“As an ac­tor, purely as an ac­tor, you don't re­ally want to be hired as a lo­cal,” he adds. “If I'm hired out of LA, it means they fly me over, I’m put in a ho­tel, I’m paid a per diem, you get treated a lot bet­ter. Even when I did the Jackie Chan film in Hong Kong, be­cause I was from Hol­ly­wood, I got treated so much bet­ter than the lo­cal Western­ers, the gwailo, you know? They don't get treated well, they get paid re­ally bad, the food they get is bad. If I'm go­ing to work here as an ac­tor solely, it's bet­ter to be known as an im­port than to be known as a lo­cal.”

Now as a ma­ture ac­tor, how­ever, Gary is find­ing him­self more at­tracted to roles that are less re­liant on his mar­tial arts skills and more on his ca­pac­i­ties as a dra­matic ac­tor. “That's def­i­nitely where I see my­self head­ing,” he con­firms. “As an ac­tor, you want to spread your wings. You don't want to just be known for ac­tion. When I got in the film in­dus­try, of course I was known for fight­ing and ac­tion, but the more time you spend in act­ing, the older you get in life, the more ex­pe­ri­ences you have, the more you feel you have to bring to char­ac­ters. Life is the best act­ing class in the world, so the more ex­pe­ri­ences you go through in life, the more you want to bring this to your char­ac­ters. Un­for­tu­nately, ac­tion movie char­ac­ters are of­ten writ­ten very one-di­men­sion­ally. When you’re work­ing in in­de­pen­dent films, very rarely do writ­ers re­ally get into the char­ac­ters and the char­ac­ter devel­op­ment. I want to do fam­ily dra­mas—I mean, I've raised four kids, and I've been through some fam­ily dra­mas!—and that's some­thing you want to bring to your char­ac­ters, be­cause oth­er­wise it gets bor­ing.”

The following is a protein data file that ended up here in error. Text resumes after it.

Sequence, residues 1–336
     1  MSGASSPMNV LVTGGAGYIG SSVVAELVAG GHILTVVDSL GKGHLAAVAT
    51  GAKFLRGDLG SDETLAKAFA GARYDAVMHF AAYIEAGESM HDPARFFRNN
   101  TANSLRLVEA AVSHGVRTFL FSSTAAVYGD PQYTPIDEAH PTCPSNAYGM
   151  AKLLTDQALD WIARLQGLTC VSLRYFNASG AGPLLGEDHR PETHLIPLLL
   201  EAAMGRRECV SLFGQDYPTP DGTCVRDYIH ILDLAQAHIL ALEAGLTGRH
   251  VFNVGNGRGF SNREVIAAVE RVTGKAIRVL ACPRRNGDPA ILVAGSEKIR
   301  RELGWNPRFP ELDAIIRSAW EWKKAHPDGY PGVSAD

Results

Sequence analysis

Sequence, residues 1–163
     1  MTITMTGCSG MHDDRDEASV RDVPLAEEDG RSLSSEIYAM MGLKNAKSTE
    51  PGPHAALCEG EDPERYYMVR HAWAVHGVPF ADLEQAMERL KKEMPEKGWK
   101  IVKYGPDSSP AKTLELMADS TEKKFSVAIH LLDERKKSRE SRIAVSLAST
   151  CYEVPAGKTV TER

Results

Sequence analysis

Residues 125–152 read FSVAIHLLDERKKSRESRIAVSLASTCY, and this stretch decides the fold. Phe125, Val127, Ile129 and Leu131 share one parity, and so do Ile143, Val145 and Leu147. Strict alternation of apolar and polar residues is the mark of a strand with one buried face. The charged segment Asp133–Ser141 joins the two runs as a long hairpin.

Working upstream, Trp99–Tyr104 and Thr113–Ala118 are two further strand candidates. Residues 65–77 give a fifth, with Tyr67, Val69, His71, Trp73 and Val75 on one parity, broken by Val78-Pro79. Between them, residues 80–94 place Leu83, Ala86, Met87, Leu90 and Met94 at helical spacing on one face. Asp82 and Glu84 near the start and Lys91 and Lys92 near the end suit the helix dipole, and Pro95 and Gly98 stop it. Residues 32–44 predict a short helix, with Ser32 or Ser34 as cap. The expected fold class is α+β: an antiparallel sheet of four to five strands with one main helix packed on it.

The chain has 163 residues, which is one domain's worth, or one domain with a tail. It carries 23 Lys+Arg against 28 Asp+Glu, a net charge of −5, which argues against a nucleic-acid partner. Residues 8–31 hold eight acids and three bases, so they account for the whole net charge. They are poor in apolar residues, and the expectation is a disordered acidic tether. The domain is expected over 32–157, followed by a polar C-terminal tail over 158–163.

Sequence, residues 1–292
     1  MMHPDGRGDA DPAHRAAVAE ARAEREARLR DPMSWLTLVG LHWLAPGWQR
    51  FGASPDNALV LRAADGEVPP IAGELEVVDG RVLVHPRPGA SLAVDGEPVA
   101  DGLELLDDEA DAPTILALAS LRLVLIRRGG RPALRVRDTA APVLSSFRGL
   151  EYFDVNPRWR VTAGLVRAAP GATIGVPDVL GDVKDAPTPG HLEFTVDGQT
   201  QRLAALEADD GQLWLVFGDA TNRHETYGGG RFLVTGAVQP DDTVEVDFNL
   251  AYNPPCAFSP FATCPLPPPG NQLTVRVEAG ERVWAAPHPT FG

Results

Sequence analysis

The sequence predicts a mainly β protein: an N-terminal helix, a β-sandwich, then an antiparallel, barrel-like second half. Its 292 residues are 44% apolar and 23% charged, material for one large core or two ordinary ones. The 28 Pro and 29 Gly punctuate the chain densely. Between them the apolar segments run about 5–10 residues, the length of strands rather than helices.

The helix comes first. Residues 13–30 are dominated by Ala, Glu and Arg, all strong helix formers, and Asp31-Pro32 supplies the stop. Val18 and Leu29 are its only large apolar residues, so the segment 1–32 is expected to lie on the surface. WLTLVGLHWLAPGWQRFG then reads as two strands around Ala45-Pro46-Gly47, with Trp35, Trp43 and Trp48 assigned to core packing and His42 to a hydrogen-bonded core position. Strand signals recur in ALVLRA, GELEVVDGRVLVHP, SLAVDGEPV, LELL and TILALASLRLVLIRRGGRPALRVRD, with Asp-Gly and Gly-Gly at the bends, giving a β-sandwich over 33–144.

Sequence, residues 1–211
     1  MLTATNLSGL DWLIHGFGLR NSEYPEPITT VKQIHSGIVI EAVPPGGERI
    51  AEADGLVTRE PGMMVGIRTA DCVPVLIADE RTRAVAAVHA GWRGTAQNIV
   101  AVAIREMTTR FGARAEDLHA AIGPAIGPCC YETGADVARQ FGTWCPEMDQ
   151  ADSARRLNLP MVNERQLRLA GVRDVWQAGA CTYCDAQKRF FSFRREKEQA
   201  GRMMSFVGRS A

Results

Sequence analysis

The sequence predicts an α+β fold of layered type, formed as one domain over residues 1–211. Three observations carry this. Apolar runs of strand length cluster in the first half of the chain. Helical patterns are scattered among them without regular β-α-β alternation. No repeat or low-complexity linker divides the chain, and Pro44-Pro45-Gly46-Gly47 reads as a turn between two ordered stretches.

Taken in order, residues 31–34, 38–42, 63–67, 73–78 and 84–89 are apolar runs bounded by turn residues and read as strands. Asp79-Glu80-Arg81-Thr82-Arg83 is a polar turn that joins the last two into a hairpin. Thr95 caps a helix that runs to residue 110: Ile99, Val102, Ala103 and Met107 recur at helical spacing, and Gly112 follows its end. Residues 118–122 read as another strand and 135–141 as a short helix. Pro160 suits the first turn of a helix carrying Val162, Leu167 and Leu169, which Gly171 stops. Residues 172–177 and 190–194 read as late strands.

“But again, be­cause I'm known for ac­tion, the buy­ers that buy the films, they want to see Gary Daniels kick­ing ass,” he ad­mits. “That's what they want to see. I've done a cou­ple of straight dra­mas and they just don't sell that well, be­cause I’m not kick­ing ass in those films. It’s kind of frus­trat­ing, but you be­come a vic­tim of your own suc­cess. But I don't re­ally worry about that, be­cause I don't worry too much about what other peo­ple think about me. I just want to be happy and I love my life. That's al­ways been rais­ing my sons and be­ing with my sons; I'm happy when I'm in the gym; I'm happy when I'm train­ing. It's about liv­ing in the mo­ment for me, and be­ing happy in that mo­ment.”